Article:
Symptoms of back pain due to a spinal infection often develop insidiously and over a long period of time.

See When Back Pain May Be a Medical Emergency

Symptoms and Complications of Vertebral Osteomyelitis

In addition to back pain, which is present in over 90% of patients with vertebral osteomyelitis, general symptoms may include one or a combination of the following constitutional symptoms:

  • Fever, chills, or shakes
  • Unplanned weight loss
  • Nighttime pain that is worse than daytime pain
  • Swelling and possible warmth and redness around the infection site

A spinal infection rarely affects the nerves in the spine. However, the infection may move into the spinal canal and cause an epidural abscess, which can place pressure on the neural elements. If this happens in the cervical or thoracic spine, it can result in paraplegia or quadriplegia. If it happens in the lumbar spine it can result in cauda equina syndrome (a syndrome that leads to bowel and bladder incontinence, saddle anesthesia, and possible lower extremity weakness).


The most common site of vertebral bone infection is in the lower back, or lumbar spine, followed by the thoracic(upper) spine, the cervical spine(neck). It may also develop in the sacrum, the bone at the very bottom of the spine that connects to the pelvis.

See Sacroiliac Joint Dysfunction (SI Joint Pain)

Symptoms of vertebral osteomyelitis are highly variable depending on the patient, the location of the infection, and how far advanced it is. For example, while a fever is a typical symptom, some people may have no fever and others may run a high fever.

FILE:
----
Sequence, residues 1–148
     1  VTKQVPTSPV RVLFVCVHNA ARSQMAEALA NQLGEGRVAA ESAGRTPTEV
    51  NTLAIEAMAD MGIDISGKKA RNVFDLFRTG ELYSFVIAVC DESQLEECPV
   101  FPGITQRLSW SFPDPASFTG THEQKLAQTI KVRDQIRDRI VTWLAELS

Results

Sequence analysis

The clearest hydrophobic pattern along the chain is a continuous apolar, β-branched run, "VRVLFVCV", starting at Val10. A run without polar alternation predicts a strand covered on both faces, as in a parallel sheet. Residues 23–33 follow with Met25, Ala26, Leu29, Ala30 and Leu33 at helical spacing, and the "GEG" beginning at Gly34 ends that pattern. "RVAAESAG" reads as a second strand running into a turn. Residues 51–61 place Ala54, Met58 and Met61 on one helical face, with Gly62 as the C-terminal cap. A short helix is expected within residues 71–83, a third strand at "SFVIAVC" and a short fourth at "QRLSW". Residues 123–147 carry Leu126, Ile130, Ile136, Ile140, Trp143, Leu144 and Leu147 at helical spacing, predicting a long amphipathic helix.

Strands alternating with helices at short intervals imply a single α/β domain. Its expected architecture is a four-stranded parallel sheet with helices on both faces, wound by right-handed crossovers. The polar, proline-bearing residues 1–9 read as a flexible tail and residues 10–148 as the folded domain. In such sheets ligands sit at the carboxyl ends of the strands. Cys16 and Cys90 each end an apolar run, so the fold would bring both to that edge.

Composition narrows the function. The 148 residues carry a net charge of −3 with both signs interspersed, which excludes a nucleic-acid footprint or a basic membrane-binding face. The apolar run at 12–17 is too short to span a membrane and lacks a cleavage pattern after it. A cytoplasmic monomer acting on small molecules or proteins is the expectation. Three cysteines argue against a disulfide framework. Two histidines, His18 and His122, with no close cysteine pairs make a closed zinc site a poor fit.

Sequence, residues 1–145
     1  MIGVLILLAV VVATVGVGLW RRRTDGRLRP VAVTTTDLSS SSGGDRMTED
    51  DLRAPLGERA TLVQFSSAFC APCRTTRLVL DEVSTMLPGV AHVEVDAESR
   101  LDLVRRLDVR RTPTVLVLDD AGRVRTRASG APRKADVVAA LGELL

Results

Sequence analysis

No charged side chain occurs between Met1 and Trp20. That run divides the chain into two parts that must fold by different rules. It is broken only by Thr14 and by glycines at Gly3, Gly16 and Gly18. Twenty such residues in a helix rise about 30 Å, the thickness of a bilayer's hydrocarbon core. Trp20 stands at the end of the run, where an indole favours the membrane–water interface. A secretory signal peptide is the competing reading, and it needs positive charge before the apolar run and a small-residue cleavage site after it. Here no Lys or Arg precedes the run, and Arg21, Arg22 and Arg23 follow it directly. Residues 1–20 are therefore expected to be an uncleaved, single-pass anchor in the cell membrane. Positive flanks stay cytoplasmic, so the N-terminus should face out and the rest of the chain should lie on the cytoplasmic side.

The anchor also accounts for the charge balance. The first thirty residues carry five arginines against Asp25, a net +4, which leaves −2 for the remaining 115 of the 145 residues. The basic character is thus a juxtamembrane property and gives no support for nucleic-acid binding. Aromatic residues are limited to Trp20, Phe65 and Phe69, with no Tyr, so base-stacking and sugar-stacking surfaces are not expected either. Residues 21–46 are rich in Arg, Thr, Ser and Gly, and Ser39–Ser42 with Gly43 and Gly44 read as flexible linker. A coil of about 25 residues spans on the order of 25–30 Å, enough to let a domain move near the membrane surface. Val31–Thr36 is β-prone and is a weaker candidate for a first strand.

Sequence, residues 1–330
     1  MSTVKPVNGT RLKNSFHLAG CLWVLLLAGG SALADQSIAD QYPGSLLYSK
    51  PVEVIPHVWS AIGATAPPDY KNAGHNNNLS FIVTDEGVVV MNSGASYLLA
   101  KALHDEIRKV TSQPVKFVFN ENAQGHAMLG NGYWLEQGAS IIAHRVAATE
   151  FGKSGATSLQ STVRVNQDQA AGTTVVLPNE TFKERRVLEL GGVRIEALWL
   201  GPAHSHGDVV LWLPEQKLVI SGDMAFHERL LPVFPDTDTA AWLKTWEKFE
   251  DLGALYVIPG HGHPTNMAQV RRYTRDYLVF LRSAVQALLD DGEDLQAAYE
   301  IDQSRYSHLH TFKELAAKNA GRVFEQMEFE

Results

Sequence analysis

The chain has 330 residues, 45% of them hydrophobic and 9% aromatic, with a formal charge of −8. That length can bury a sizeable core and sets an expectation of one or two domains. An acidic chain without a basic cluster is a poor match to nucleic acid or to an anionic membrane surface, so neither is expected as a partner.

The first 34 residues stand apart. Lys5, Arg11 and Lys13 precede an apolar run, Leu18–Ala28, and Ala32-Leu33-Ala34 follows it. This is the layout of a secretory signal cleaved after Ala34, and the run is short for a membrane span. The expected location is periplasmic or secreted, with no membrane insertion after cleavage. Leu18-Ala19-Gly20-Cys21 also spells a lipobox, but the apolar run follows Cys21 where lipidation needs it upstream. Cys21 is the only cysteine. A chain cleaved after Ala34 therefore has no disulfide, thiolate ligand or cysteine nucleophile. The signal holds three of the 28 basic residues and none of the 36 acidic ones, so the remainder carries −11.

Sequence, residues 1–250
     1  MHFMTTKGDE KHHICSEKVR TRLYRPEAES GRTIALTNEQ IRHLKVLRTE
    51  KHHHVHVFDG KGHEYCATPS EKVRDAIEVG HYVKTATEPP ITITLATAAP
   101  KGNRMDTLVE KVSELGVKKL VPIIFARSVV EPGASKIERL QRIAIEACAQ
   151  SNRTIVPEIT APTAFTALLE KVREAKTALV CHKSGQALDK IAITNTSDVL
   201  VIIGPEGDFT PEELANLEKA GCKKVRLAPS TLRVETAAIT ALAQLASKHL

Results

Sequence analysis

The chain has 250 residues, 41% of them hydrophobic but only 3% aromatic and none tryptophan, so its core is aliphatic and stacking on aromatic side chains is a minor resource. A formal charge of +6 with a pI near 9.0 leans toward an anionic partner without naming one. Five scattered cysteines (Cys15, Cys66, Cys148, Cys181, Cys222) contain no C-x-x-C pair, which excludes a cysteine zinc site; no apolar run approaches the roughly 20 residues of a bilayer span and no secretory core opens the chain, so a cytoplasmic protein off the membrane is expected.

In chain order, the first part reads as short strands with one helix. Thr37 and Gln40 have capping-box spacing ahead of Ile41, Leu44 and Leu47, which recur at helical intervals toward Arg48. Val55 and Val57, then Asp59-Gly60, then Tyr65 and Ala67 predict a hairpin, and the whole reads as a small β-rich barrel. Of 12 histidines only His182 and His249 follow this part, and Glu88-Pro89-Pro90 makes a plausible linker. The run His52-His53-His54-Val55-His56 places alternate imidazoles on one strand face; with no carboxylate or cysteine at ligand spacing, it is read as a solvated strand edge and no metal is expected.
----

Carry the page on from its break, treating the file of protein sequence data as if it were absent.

See When Is a Stiff Neck Serious?


Lumbar infections may also present with pain when standing, irritation of muscles such as the psoas muscle (hip flexor) and hamstring (knee flexor), and a loss of lumbar lordosis. Cervical Spine Anatomy may present with torticollis (the inability to straighten out one’s neck).

Due to the variable, often vague, and general symptoms of the disease, vertebral osteomyelitis often goes undetected until the infection is quite advanced.

Dr. Alexander Vaccaro is an orthopedic surgeon and President of the Rothman Institute in Philadelphia, where he has more than 20 years of experience specializing in spine surgery.

Dr. Gregory Schroeder is an orthopedic surgeon who specializes in spine surgery at Rothman Orthopaedics in Philadelphia, PA. Active in spine surgery research and education, Dr. Schroeder serves as Assistant Professor of Orthopaedic Surgery at Thomas Jefferson University and as the Executive Editor for Clinical Spine Surgery.